Up to the top
The trail will take you above the columns where take a short detour to the right and enjoy the view over this special rock formation and more distant landmarks. Besides nearby buttes bordering Káli Basin you can see Kab-hegy in Bakony Mountains with its signature TV tower, the stand-alone peak of Somló in the distance, the castle hill of Sümeg, the town of Tapolca, the largest settlement nearby and Haláp Hill just behind the town, truncated by mining.
Proceed along the Blue (K) trail to a rain shelter named after poet Béla Kasza, where change to the Blue ▲ (K▲) spur trail to get to the top of the hill. Until this point, the trails crossed a secondary forest (a forest that has re-grown after timber harvest), but here begins a shrubland mostly with blackthorn, hawthorn and dog rose that have overgrown a former grazing land. While hiking uphill you will have more opportunities to enjoy the view but it is the lookout point on the top that rewards you with the greatest view after this steep ascent.
Descending on the slope
Return to the rain shelter and continue to the right along the Blue (K) trail just above Vércse-szirt (Kestrel Rock). You will pass more outcrops showing upper pyroclastic deposits from the third phase of volcanism. This area used to be home to vineyards until the last century but only a few overgrown plots remained. You will soon arrive another lookout point offering a great view over the lake. The open rocky grassland bordering the hollow track that follows is the only habitat in Hungary for cloak fern (Notholaena marantae), a relic from the Tertiary. You may also encounter one of the largest insects of Europe called predatory bush cricket (aka spiked magician, Saga spedo). Down at the junction keep to the left to traverse the western slope of the hill.
Attractions along the upper cart track
Past the former viticulturist’s house, the trail reaches the Lion Head Spring built in 1901, which provides good quality and soft water. Do not miss this opportunity to taste it.
After 200 metres, you will arrive at two famous rural Baroque buildings. Tarányi wine press house was built in the late 18th century allegedly on the foundation walls of a chapel from the Árpád era. Lengyel Chapel next to was built in 1775. Both buildings were commissioned by the Tóti-Lengyel family. The wine press house is ornamented with sculptures of ancient Roman gods. The chapel is decorated with sculptures of Saint George, Saint Emeritus (in niches of the tower), Saint Peter, Saint Paul, Antony of Padua, Saint Joseph (in niches on the left and right) Saint Stephen and Saint Ladislaus (on the gable). The stone cross just outside the chapel was erected in 1834.
Just in front of the chapel change to the Yellow (S) trail on the left. The trail continues among vineyards and offers a great view over the Tapolca Basin and Balaton. After a sharp left turn you will arrive at Ify Chapel right below Vércse-szirt.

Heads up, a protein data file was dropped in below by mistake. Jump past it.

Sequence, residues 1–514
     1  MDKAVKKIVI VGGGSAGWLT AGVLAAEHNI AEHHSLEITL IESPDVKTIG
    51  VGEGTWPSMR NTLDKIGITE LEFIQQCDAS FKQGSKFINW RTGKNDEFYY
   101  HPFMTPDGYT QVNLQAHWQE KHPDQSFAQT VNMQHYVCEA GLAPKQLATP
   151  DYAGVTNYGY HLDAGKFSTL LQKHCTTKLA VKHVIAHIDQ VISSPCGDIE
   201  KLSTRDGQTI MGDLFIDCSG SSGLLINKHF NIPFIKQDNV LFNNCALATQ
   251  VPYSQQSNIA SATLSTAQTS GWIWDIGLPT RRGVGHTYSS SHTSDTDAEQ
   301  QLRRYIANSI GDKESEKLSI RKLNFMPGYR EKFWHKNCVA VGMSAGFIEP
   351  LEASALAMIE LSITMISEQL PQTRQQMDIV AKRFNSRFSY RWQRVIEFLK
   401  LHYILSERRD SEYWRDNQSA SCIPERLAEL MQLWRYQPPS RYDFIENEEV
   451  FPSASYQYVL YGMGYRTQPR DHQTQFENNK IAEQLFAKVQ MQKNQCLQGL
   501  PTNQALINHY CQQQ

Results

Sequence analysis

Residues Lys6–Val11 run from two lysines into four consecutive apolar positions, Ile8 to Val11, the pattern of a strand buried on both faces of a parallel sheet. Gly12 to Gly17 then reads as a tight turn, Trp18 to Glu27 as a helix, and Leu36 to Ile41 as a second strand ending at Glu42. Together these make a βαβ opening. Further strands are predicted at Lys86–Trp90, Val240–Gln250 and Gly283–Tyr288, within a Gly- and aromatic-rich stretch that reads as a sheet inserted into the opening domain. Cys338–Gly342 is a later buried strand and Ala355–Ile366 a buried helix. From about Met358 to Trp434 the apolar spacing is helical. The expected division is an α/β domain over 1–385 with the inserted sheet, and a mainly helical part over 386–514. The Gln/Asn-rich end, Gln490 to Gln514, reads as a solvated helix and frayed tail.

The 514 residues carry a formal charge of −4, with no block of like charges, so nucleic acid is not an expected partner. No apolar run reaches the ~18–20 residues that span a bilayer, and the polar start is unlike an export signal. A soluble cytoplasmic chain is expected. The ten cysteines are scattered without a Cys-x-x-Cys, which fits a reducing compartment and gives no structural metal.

There is a cross by the trail with the inscription “Ludovico memento morti”, meaning “Louis, remember death.”. It commemorates Lajos Ify, one-time priest of Fonyód. During WW2 he hid several refugees. After the war the communist government tried to involve him as a “peace priest” in the Priests’ Peace Movement (Opus Pacis, a clerical association established under the pressure by the government to counterbalance and replace traditional religious institutions), but he refused to cooperate and turned his back on politics. He joined the Norbertines but when the order was disbanded, he withdrew to his treat built by himself on Szent György-hegy to live a hermit’s life. He continued to hold holy masses in his home and invited many guests, mainly other priests. It was his habit to hoist a Hungarian flag to signal that he was ready to receive guests.
There are five ruined buildings on the plot. Emmaus chapel used to be the priest’s home. The building called “Nectar” used to serve as a wine press house and “Animal” as a barn. “Názáret” and “Remete-lak” (“hermit’s home”) were living quarters. Lajos Ify died at the age of 74 in 1967 and was buried at the back of the plot upon his own request.
Volunteers have been trying to save the buildings, however, structural damages have posed serious challenges.
Back to Kisapáti
After a few hundred meters the trail passes an orthodox church and hermit’s home on the left. It was built by Father Márton himself, who renovated and remodelled a former wine press house, as by profession, he was a sculpturer. Continue along the trail and ascend back to the hikers’ lodge. In springtime you may enjoy the view over a drift of violet-purple lesser periwinkles at the bottom of the slope. Follow the Green (Z) trail from the lodge to return to Kisapáti.